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Of course you are going to feel overwhelmed with the difficulty of trying to clock a certain time or cover a certain distance if your expectations were unrealistic from the start.
It's important to be honest with yourself about your level, and this requires a good dose of self awareness. Your base (endurance) speed, your ability to keep up the pace at your threshold, and the number of training sessions each week: you should take all of these parameters into account. It can be useful to seek the help of a coach or an experienced runner to get an outside point of view (often more objective).
Setting off without a stopwatch, with no other goal than to clear your head, is a healthy way to go about practising sports; running while just thinking about how you feel has its advantages. However, it is also important to plan your training around certain fundamental points.
A loss of motivation is often the result of a monotonous exercise routine. It is important to balance each week with a variety of sessions. Long runs at a moderate speed will develop your endurance, while more faster interval runs will increase your cardiovascular abilities.
The solitary long-distance runner is a (literary) myth with no justification when your motivation starts to wear thin! No one has ever proven that it is more effective to run while soliloquising the difficulties of moving forward.
So teaming up with some runner friends is a good idea. Whether they be neighbours, work colleagues, or members of an association or club, the goal is to assemble a friendly group of people who can stimulate each other and help each other get moving (once again). Obviously, it is best to find runners who are at a similar level as yourself (or slightly better) so as to challenge you to keep up, in addition to the joys of chatting before and after the run.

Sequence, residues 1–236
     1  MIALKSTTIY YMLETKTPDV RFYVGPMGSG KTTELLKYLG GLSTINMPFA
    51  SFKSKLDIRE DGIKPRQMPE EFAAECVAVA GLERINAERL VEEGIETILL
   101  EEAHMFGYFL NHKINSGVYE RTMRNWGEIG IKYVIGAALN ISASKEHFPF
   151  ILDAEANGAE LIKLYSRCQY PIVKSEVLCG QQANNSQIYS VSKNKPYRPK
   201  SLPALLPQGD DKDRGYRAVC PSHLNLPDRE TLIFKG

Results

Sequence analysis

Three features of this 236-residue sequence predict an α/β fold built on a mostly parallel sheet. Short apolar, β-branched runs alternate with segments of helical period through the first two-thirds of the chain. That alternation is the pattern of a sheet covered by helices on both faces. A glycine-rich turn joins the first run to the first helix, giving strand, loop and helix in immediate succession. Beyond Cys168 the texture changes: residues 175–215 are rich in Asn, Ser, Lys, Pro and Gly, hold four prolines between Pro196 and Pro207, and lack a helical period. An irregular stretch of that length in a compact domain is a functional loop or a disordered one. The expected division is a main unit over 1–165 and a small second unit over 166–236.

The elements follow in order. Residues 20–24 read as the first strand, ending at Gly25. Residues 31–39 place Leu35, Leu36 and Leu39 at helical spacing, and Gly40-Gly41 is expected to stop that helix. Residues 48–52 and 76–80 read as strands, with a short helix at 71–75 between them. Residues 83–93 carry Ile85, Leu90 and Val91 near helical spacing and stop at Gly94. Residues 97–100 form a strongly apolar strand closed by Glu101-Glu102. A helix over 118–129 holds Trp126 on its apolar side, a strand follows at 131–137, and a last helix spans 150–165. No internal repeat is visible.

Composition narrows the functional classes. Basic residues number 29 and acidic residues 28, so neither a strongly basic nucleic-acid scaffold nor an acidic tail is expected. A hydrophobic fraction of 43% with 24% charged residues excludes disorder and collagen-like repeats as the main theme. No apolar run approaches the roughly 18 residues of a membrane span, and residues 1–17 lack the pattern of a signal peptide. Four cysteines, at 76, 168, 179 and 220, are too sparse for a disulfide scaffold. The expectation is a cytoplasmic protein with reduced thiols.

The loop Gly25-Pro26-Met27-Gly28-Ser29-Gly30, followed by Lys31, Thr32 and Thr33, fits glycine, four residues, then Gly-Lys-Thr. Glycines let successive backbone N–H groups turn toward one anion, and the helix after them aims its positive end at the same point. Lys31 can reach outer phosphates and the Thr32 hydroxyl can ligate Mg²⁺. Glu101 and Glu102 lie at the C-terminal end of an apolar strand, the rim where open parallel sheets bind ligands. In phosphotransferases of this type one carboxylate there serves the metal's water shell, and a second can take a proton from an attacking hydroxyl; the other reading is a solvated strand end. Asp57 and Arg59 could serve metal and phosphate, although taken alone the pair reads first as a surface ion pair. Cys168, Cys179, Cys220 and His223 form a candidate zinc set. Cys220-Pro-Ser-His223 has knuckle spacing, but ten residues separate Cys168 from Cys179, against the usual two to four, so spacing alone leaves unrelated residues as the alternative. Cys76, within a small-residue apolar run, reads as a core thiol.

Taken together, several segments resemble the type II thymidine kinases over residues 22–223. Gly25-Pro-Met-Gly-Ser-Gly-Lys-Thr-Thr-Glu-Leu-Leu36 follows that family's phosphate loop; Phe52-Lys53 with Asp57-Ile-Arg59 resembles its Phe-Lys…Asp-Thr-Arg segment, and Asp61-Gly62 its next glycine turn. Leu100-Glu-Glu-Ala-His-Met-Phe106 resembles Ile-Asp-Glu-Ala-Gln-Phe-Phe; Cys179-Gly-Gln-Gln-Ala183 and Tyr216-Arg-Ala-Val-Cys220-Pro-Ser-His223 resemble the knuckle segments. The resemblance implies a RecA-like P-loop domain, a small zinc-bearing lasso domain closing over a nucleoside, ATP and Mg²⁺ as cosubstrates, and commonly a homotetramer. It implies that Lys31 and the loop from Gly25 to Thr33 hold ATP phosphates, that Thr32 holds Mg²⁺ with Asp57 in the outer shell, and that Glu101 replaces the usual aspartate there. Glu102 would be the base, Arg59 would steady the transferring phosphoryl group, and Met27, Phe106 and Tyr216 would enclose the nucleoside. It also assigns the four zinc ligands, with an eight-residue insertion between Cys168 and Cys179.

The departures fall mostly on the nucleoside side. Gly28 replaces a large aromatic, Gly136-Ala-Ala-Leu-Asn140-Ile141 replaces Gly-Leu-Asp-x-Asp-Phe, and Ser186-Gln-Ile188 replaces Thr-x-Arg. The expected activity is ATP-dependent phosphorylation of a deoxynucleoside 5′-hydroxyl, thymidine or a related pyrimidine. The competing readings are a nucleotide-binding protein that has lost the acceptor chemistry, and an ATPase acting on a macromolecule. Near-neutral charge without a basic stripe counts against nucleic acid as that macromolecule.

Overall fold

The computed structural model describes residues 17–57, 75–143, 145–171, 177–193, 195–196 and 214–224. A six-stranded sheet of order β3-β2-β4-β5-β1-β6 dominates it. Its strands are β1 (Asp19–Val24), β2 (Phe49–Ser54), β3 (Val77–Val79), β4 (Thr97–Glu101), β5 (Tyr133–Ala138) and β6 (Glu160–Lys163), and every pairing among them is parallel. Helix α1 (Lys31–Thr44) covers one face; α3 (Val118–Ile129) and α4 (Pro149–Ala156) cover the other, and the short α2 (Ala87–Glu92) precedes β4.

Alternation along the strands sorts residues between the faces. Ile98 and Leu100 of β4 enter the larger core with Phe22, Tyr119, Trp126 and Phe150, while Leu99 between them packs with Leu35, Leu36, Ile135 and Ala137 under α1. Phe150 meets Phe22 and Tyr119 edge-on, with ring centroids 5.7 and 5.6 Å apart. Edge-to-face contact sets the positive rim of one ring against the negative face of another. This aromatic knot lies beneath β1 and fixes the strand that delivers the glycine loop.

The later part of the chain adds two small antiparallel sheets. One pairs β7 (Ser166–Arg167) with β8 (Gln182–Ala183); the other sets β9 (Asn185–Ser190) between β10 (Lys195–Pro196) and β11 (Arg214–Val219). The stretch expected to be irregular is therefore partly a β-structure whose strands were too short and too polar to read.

Do you really need a carrot to chase after? Of course not. Many runners jog for decades without ever pinning a number to their chest. However, participating in a timed race allows you to measure yourself, see how you've progressed and, above all, plan for the future.
Taking part in a competition (the word itself can sometimes put you off) shouldn't be intimidating. The idea of surpassing yourself shouldn't be the main concern, especially for novice runners. But bringing home the "finisher" medal is always a good motivator.
This may seem like a bit of a gimmick, but is in fact essential. It's a simple fuss-free way to help runners who are eager to stay motivated daily. Weekly mileage or time over set distances: updating your training log every day lets you check that you're sticking to your goals.
Over time, a training log can even become a retreat, where runners write down how they feel when exercising, their level of fatigue, their weariness or optimism about an upcoming competition. Anything that can help boost motivation levels is good.
It is normal to suffer a dip in motivation from time to time during the year. You therefore need to know the difference between overall fatigue, which justifies cutting down on your training, and a simple mental block that you will get over in no time at all.
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